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US-Africa summit was positive - Minister Davies

Written by Chris Bathembu
South Africa and Africa in general benefited immensely from the recent US-Africa Leaders’ Summit held in Washington, said Trade and Industry Minister Rob Davies.

President Jacob Zuma at the US-Africa Leaders Summit in Washington recently. Chris Bathembu“By and large, there are a lot of positive things we gained from the summit… The message from all of us was that the African continent needs to industrialise and there were a lot of echoes in that regard,” he said.

Minister Davies added that the major victory from the summit was the commitment by US President Barack Obama to support the renewal of the Africa Growth Opportunities Act (AGOA), and the various investments he announced to the tune of US$33 billion in Africa through the programme called Doing Business in Africa.

More than 40 Heads of State and Government, including President Jacob Zuma, attended the summit, which was convened by President Obama in August. The summit focused on peace and security as well as trade between Africa and the world’s economic giant.

On the renewal of AGOA, Minister Davies said the summit provided an indication that US believes a lengthy re-authorisation of AGOA was justified.

“They are looking at possibilities of improving AGOA. They said they are looking at the eligibility criteria… They are looking at countries that did not qualify… I think that was the message from our side that was pretty good news,” he said.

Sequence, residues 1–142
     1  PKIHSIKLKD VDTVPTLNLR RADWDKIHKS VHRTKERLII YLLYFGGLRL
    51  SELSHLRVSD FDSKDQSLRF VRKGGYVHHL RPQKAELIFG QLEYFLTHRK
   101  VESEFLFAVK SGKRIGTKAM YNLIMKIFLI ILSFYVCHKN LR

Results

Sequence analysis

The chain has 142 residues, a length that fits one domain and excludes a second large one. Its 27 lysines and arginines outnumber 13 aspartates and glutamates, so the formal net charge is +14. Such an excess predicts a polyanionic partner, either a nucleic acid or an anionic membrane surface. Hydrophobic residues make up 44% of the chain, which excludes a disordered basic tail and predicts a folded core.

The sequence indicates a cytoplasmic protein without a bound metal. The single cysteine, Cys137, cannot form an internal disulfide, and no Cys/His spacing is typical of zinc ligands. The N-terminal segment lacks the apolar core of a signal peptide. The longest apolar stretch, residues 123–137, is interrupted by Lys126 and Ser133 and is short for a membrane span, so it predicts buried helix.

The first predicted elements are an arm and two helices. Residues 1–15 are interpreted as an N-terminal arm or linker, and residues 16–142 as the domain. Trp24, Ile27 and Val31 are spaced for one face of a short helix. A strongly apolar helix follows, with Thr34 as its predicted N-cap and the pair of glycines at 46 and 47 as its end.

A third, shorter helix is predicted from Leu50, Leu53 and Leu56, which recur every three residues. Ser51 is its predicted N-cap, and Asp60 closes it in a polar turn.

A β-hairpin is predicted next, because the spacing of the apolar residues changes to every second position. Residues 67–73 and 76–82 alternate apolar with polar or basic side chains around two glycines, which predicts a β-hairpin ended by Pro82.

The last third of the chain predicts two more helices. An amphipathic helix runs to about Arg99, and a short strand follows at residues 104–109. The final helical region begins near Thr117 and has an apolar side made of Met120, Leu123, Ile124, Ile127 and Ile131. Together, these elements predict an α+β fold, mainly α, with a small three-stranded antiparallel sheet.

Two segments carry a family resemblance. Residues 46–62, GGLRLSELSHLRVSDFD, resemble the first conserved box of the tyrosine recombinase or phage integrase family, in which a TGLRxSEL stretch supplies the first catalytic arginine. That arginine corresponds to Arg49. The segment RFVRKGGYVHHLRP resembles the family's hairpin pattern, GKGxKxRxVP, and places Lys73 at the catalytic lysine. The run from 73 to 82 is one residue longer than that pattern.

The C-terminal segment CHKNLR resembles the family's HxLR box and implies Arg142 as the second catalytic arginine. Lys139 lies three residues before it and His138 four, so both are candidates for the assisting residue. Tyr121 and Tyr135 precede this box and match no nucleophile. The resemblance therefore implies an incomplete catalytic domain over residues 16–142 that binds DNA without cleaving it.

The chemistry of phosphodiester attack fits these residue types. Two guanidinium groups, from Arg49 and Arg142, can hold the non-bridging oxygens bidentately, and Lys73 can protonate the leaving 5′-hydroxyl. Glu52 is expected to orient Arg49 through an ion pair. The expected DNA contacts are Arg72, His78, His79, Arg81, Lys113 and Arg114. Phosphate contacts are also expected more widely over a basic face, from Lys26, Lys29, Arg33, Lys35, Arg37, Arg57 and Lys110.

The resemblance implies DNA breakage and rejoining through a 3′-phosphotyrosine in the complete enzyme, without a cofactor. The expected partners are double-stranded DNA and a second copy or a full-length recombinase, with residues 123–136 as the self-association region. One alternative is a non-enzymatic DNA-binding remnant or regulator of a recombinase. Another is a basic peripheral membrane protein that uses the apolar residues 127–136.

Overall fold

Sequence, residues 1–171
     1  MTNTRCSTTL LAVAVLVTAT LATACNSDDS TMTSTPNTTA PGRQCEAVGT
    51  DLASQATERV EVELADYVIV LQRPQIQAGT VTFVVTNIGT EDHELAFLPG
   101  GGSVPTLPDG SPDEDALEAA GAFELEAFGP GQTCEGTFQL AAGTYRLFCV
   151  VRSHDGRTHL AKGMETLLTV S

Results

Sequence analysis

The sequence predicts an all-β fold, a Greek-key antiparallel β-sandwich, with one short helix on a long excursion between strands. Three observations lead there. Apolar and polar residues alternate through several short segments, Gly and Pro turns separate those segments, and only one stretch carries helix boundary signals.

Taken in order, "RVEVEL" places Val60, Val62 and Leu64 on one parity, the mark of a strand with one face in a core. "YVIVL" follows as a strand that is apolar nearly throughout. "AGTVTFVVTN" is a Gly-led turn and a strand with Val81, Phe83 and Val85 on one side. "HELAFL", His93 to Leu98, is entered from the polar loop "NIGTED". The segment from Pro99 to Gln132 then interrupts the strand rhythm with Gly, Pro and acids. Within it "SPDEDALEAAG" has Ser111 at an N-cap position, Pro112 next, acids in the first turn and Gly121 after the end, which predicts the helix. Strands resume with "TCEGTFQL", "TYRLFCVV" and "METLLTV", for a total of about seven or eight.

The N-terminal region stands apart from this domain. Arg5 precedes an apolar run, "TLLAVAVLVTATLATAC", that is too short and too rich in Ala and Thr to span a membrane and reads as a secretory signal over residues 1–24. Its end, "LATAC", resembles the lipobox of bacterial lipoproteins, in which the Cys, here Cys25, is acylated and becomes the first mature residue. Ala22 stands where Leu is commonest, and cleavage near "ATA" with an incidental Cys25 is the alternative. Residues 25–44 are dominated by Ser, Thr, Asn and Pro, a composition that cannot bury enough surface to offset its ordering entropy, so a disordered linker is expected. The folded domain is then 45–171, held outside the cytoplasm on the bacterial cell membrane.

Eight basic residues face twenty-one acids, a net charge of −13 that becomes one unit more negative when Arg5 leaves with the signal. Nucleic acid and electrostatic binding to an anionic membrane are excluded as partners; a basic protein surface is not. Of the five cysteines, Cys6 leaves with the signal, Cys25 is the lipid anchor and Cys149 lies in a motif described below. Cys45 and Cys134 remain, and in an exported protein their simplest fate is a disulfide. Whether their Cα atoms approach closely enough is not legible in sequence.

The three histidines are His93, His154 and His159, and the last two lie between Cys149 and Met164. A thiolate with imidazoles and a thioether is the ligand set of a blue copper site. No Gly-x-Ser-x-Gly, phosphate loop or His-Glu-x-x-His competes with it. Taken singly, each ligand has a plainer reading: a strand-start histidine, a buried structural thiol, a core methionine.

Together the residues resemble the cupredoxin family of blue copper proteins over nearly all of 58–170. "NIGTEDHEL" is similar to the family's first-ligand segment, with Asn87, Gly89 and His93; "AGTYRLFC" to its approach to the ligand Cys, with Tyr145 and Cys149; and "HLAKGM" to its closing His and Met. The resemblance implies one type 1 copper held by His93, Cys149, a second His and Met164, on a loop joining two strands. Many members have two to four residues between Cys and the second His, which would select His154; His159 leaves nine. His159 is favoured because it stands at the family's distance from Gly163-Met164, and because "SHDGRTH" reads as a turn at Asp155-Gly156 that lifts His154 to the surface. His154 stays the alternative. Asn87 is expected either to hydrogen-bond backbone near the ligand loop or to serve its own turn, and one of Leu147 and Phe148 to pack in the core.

Congress is scheduled to vote on the renewal of AGOA, whose current term expires next year.

President Obama said he was confident that congress would back the renewal of the scheme.

South Africa is the only country that makes extensive use of the tariff trade preferences provided by the US through AGOA and other schemes.

Film industry

Meanwhile, Minister Davies says there are a lot of partnerships South Africa can build with Hollywood studios to grow the local film industry.

This follows his visit to Hollywood, Los Angeles, where he visited Disney and 20th Century Fox, among other big names in the film industry.

A study conducted by the National Film and Video Foundation found that in 2012, the film industry in South Africa employed around 25 000 compared to around 4 000, 10 years ago.

Minister Davies attributed the growth in the local film industry to government’s role in developing capacity within the industry through rebates and investment in film studios.

The rebates programme, which is operated by the Department of Trade and Industry, seeks to promote South African productions. It allows producers to get 20-25 per cent in rebates for locally produced films.

“It has led to a substantial increase in the number of films produced in SA,” Minister Davies said.